Firstly, almost any loose fitting top pattern can be used, and, depending on the style, it may need a little adaptation.
This, below, is example of a non-maternity pattern which can work as a maternity top with just a small adjustment.
I used this pattern to make this nice animal print top for my pregnant daughter. It's loose right now but I'm hoping this will take her through the next three or four months.
1) Obviously, you can just add more width by flaring out the sides on the front.
2) With a fairly straight top, you can also lengthen as well as widen the front, and elasticate the front sides into the side seam. I've seen examples of this done but when I tried, I found it sagged down too much at the front (certainly while she is only half-way through) so I took this elastication / gathering of the side seams out.
3) For this animal print one, I adapted the pattern by adding a centre pleat. The way I did this was to add a few inches more to the width of the centre front pattern. (About 4", as I was using a soft jersey knit)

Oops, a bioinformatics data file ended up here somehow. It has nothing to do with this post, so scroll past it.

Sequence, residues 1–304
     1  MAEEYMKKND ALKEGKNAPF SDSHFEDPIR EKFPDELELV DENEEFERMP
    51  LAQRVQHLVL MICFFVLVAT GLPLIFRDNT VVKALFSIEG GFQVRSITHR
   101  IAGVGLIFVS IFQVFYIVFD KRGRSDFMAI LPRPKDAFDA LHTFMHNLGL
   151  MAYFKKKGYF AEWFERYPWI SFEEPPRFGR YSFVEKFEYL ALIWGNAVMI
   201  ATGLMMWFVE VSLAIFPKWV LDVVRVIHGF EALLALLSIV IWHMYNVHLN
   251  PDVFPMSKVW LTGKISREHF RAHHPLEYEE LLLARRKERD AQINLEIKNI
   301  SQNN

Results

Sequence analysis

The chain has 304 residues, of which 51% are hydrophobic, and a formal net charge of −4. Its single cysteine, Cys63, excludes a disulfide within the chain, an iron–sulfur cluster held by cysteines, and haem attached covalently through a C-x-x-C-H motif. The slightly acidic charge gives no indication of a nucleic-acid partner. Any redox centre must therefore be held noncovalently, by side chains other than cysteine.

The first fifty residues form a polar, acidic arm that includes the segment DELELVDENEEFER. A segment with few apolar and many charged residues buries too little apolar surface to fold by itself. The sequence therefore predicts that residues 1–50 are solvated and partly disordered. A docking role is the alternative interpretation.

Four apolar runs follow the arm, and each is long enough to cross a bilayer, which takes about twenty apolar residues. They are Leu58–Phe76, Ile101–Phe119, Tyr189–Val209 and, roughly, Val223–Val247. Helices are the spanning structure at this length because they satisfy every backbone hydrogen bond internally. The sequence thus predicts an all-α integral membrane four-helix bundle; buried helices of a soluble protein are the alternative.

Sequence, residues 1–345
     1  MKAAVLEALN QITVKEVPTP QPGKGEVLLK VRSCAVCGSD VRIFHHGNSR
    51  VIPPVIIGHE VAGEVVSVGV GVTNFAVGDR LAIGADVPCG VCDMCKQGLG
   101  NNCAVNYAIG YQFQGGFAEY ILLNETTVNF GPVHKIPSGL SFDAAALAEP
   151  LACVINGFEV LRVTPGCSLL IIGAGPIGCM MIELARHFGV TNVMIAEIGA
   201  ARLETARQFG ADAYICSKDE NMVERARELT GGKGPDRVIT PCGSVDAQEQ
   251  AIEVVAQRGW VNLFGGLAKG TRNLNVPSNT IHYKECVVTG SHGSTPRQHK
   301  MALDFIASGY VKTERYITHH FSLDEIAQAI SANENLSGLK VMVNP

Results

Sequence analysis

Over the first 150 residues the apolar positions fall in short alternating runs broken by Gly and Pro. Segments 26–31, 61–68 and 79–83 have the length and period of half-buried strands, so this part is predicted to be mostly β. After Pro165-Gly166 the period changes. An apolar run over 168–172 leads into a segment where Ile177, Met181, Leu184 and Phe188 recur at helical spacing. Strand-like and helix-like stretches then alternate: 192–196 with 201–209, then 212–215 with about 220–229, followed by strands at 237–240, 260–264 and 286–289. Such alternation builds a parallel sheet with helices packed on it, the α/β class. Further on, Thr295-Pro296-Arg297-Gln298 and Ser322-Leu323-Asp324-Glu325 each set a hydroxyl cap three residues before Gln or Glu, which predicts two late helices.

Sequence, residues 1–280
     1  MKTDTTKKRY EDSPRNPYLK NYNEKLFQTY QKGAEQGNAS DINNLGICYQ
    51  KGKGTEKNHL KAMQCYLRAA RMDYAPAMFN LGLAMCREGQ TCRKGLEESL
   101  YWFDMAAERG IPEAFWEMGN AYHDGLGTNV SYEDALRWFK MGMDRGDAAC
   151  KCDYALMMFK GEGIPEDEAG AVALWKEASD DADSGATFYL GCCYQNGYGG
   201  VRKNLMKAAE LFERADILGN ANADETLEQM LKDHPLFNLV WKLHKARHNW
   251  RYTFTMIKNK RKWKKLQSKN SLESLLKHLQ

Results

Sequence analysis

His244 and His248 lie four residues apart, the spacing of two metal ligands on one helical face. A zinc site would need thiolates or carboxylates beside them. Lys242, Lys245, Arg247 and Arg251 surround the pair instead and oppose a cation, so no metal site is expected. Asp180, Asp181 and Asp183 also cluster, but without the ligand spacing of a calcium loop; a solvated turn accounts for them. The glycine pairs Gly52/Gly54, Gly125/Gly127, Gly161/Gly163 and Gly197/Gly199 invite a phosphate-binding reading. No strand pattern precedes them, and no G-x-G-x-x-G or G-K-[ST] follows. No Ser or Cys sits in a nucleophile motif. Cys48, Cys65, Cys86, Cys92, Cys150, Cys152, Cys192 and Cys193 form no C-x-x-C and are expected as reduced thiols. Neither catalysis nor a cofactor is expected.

Then, I folded the material of the centre front right sides together, made a short seam down from the neckline where the centre front of the original pattern was, down to just where the bust started.
I then opened out the two sides, and pressed the 'revised fold line with the centre of it against the seam I had just made, so that there was equal material either side of the seam. This made two side folds to the pleat.
Then I sewed the neckline of the pleat to the original neckline, The effect of this was to form an inverted pleat down the centre. You can perhaps see how that is working as the waistline is expanding.
This top I made with the sleeves as in 'D' in the pattern - that's the blue patterned one with the solid blue hem.
However, since I first wrote this post, I've now found an interesting article on the same subject from Melissa at Melly Sews, whose patterns and tutorials I very much admire. She has an alternative approach (or approaches) to pattern adaptation which would work especially well for patterns without an obvious easy way to make them fit the maternity bump. You can find her excellent article here.